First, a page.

GALLAGHER: Come on. Rewind then and go back to Bob Woodward's boss during the height of his Watergate glory days, which he seems to be trying to re-create, by the way. His boss was Katharine Graham, the Washington, D.C., socialite and friend to many U.S. presidents. You don't think Katharine Graham ever expressed an opinion to a president that she was buds with? Come on, Tucker. He does have a right. ...

BEGALA: Let me bring Jim Warren into this. I'm not a friend of Roger Ailes or a fan of the Fox News Channel, but what is wrong with a president in crisis receiving information or advice from any American who wants to offer it?

WARREN: I think the tip-off right here with Ailes is it that it had to be kept confidential. Why is that? Why would Roger Ailes or Rove be embarrassed by public disclosure of this counsel of Roger Ailes? It is obvious why.

As journalists we work a different side of the street than the folks on the government side do. Especially when it comes to the temptations that we face, the temptation particularly in Washington to be beguiled by power. The temptations especially when it comes to access -- to gain a little access and [to] get something in return.

Those are the sorts of things that all too many folks in Washington, I think, tend to trip over. I don't know Mr. Ailes personally, and I'll stipulate to the fact he's been an entrepreneurial, if not a genius, a very smart guy. He's got his competitors on the run.

But the fact is when it comes to marketing that channel, he markets it as a journalistic Switzerland. An island of neutrality and de-liberal Sodom and Gomorrah of you guys at CNN and MSNBC. ...

GALLAGHER: It is working because it is true. ...

BEGALA: Excuse me, Mike. Let me suggest an alternative theory as to why he wants to keep it silent. I'm not a journalist. I don't have a background in journalism; I don't really understand and know all the rules. I know you do. You are a career journalist.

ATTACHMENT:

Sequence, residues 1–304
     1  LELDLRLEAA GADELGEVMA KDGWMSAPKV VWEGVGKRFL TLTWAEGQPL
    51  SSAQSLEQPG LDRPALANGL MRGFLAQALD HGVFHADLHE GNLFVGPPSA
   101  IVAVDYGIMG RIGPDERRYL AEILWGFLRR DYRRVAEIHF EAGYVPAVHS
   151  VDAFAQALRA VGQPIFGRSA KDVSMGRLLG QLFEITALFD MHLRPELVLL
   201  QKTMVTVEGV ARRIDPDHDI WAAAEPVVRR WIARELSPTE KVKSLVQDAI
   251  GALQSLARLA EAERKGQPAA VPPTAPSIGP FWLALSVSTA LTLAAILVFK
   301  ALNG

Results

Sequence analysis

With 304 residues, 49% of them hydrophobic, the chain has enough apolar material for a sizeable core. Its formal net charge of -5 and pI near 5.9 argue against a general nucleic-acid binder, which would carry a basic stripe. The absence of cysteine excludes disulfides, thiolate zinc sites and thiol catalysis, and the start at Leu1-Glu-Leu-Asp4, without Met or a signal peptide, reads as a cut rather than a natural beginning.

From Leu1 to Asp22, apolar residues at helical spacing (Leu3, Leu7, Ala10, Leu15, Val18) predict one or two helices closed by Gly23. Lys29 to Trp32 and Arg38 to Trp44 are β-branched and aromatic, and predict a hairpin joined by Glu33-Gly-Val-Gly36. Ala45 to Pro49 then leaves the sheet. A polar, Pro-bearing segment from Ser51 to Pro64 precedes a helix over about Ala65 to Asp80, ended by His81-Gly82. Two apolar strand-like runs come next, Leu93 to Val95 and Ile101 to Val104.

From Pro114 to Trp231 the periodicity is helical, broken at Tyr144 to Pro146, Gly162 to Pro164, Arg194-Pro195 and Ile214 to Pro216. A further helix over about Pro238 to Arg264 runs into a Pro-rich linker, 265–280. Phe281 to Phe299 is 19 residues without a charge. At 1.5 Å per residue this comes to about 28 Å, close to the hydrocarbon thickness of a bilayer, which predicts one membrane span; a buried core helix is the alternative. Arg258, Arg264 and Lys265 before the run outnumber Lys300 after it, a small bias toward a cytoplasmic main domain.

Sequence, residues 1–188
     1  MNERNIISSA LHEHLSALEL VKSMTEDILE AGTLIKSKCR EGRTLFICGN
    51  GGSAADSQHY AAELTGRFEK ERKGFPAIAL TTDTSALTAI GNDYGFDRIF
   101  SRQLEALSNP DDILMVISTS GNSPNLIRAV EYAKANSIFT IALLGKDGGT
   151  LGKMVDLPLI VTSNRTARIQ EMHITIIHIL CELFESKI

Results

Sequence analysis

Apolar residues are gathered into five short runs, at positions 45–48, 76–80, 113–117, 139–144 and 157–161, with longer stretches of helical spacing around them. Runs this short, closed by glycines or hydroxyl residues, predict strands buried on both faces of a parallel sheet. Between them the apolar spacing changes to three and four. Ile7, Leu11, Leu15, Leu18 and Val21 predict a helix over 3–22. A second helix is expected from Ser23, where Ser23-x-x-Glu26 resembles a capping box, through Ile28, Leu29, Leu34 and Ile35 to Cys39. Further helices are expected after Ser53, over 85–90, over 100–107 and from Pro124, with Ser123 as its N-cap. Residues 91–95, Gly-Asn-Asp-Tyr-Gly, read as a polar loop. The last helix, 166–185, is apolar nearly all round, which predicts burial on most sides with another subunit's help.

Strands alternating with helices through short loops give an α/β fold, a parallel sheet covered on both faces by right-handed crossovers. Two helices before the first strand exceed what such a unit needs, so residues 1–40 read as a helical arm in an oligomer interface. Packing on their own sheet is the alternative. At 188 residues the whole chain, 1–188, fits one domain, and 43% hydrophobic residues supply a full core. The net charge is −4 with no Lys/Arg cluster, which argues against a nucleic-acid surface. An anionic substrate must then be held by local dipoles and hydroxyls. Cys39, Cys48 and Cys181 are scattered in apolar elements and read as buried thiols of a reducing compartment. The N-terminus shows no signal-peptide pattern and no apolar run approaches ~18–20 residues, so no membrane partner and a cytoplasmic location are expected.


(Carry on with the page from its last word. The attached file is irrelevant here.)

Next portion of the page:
But I used to be an adviser to a president and know a lot about advising a president. This is the most ... stupid advice I've ever seen offered to a president. They killed 3,000 of our people. Did he really think that Bush was going to fold up? Was any American out there saying, "Gee, Mr. President, don't avenge 3,000 people slaughtered?" It's the dumbest thing I've ever seen in my life. ...

GALLAGHER: You guys have a field day jumping up and down with Roger Ailes and Jim sitting there all somber about what journalists do or don't. You see, Jim, the American public gets it. We understand that there has been a liberal agenda foisted upon us by the main street press for all these years.

So finally a news channel comes along that doesn't suppress or stifle conservative voices, and you guys can't stand it. You can't figure the formula out.

WARREN: Mike, despite your reluctance to discuss your views on it and being so low profile, let me say this goes beyond ideology. It is not a matter of left or right; it is a matter of making a mistake of becoming an actor in the political process.

Here is the problem for the hard-working folks at Fox -- the grunt producers and other folks. The problem is, say, you send a note, and then Roger Ailes gets a call back from Karl Rove, and maybe even the president saying, "Roger, thanks so much for that." You then open the door to that call somewhere down the line, maybe benign, "Hey, can you get so-and-so on your Sunday morning talk show?" or maybe more significant.